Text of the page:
35. Becker, A.J. et al. Focal cortical dysplasia of Taylor's balloon cell type: mutational analysis of the TSC1 gene indicates a pathogenic relationship to tuberous sclerosis. Ann. Neurol. 52, 29–37 (2002).

    Article  CAS  Google Scholar 

  36. Scheffer, I.E. et al. Mutations in mammalian target of rapamycin regulator DEPDC5 cause focal epilepsy with brain malformations. Ann. Neurol. 75, 782–787 (2014).

    Article  CAS  Google Scholar 

  37. Kim, Y.H. et al. Neuroimaging in identifying focal cortical dysplasia and prognostic factors in pediatric and adolescent epilepsy surgery. Epilepsia 52, 722–727 (2011).

    Article  Google Scholar 

  38. Zeng, L.H., Xu, L., Gutmann, D.H. & Wong, M. Rapamycin prevents epilepsy in a mouse model of tuberous sclerosis complex. Ann. Neurol. 63, 444–453 (2008).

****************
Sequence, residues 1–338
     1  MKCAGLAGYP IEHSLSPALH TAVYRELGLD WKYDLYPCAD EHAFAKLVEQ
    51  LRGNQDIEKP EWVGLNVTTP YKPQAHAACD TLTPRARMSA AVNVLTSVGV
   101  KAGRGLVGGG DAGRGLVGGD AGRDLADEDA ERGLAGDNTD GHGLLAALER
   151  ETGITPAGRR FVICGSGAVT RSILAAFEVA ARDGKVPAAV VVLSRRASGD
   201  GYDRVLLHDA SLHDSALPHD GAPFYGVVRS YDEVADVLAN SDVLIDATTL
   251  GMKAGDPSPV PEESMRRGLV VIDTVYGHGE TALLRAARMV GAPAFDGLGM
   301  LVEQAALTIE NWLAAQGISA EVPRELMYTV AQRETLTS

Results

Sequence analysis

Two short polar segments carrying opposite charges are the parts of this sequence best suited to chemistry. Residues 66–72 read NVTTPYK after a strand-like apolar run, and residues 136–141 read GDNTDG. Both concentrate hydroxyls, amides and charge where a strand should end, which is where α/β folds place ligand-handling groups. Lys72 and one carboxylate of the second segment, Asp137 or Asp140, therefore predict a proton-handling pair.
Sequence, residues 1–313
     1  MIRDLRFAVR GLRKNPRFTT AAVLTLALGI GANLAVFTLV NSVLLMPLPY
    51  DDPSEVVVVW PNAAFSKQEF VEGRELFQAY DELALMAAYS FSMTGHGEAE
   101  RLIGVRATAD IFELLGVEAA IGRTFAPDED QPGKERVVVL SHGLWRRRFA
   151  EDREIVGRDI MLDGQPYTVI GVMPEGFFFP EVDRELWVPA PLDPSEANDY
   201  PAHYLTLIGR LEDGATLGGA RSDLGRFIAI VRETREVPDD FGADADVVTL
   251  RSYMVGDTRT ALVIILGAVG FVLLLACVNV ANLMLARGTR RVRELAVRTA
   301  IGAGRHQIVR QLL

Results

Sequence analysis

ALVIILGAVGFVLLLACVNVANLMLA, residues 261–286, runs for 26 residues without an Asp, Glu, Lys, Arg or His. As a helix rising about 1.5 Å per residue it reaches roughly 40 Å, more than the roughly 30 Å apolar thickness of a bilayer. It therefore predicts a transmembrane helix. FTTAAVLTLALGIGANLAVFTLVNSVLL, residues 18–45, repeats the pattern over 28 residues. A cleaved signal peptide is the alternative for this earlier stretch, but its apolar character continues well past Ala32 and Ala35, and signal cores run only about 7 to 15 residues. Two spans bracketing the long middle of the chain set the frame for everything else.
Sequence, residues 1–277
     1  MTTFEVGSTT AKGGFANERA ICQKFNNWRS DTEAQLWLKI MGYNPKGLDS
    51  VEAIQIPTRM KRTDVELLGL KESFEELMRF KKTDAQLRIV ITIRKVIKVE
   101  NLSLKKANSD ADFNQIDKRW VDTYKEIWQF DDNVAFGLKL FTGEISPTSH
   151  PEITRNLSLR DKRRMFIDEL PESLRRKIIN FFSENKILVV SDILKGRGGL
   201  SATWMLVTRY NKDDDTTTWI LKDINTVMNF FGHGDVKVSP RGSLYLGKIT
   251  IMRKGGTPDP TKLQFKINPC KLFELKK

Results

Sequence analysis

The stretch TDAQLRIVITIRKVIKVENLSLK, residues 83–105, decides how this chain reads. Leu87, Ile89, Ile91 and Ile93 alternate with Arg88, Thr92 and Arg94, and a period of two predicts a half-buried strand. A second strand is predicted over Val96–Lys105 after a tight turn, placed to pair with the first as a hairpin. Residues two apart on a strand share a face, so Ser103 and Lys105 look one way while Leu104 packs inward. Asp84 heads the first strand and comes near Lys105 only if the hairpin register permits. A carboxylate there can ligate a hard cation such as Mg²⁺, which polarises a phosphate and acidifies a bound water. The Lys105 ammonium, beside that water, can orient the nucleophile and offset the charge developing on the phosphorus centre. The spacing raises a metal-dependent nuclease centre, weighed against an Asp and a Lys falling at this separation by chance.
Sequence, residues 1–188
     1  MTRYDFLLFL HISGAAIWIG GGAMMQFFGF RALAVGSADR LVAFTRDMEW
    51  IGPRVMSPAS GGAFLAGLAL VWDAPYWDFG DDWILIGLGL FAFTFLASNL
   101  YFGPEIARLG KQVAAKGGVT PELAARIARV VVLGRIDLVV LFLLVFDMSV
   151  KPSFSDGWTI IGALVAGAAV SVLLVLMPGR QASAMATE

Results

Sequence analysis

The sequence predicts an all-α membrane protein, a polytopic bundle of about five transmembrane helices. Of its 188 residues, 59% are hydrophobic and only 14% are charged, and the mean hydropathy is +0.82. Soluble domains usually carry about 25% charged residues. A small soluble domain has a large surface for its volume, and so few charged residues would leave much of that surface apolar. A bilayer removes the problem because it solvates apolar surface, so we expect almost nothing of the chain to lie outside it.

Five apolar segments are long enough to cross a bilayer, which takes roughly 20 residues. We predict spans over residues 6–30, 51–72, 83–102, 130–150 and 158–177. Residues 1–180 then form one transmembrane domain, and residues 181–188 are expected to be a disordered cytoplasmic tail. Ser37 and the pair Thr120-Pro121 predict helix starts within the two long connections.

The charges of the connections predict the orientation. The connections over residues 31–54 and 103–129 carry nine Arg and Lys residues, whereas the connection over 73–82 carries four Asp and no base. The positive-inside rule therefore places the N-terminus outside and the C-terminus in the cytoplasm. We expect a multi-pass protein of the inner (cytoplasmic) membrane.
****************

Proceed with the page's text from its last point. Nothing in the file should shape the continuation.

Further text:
Article  CAS  Google Scholar 

Download references


We thank E.J. Kim, J. Kim and S. Kim at KAIST for stimulating discussion and critical reading of the manuscript, S.M. Park at KAIST for coordinating clinical information, M.H. Kim at KAIST for analyzing behavioral seizures, J.S. Lee at Yonsei University Health System (YUHS) for providing clinical information, and K.L. Guan at the University of California–San Diego for kindly providing Flag-mTOR construct. This work was supported by a grant of the Korean Health Technology Research and Development (R&D) Project, Ministry of Health & Welfare, Republic of Korea (A121070 to J.H. Lee; HI13C0208 to J.H. Lee and D.S. Kim), the Brain Research Program through the National Research Foundation of Korea (NRF) funded by the Ministry of Science, Information and Communication Technology (ICT) & Future Planning (2013M3C7A1056564 to J.H. Lee), and the KAIST Future Systems Healthcare Project from the Ministry of Science, ICT and Future Planning (to H.M. Kim, D. Kim and J.H. Lee).